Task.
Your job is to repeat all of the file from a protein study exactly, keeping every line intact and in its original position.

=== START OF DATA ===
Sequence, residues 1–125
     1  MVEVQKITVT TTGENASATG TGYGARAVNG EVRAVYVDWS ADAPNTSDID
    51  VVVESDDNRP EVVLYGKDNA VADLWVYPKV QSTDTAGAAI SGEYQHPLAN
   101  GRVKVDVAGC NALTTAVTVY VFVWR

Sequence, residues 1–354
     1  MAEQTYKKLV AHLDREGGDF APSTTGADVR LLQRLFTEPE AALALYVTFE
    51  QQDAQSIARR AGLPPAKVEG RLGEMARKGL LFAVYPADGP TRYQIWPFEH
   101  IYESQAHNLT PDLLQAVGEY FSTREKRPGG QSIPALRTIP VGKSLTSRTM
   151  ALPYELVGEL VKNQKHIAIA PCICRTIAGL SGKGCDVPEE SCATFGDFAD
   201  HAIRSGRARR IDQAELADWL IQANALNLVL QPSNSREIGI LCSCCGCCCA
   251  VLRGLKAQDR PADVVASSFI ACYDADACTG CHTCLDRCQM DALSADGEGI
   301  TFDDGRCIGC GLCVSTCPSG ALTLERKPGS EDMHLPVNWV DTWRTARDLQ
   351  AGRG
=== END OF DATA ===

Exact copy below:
Sequence, residues 1–125
     1  MVEVQKITVT TTGENASATG TGYGARAVNG EVRAVYVDWS ADAPNTSDID
    51  VVVESDDNRP EVVLYGKDNA VADLWVYPKV QSTDTAGAAI SGEYQHPLAN
   101  GRVKVDVAGC NALTTAVTVY VFVWR

Sequence, residues 1–354
     1  MAEQTYKKLV AHLDREGGDF APSTTGADVR LLQRLFTEPE AALALYVTFE
    51  QQDAQSIARR AGLPPAKVEG RLGEMARKGL LFAVYPADGP TRYQIWPFEH
   101  IYESQAHNLT PDLLQAVGEY FSTREKRPGG QSIPALRTIP VGKSLTSRTM
   151  ALPYELVGEL VKNQKHIAIA PCICRTIAGL SGKGCDVPEE SCATFGDFAD
   201  HAIRSGRARR IDQAELADWL IQANALNLVL QPSNSREIGI LCSCCGCCCA
   251  VLRGLKAQDR PADVVASSFI ACYDADACTG CHTCLDRCQM DALSADGEGI
   301  TFDDGRCIGC GLCVSTCPSG ALTLERKPGS EDMHLPVNWV DTWRTARDLQ
   351  AGRG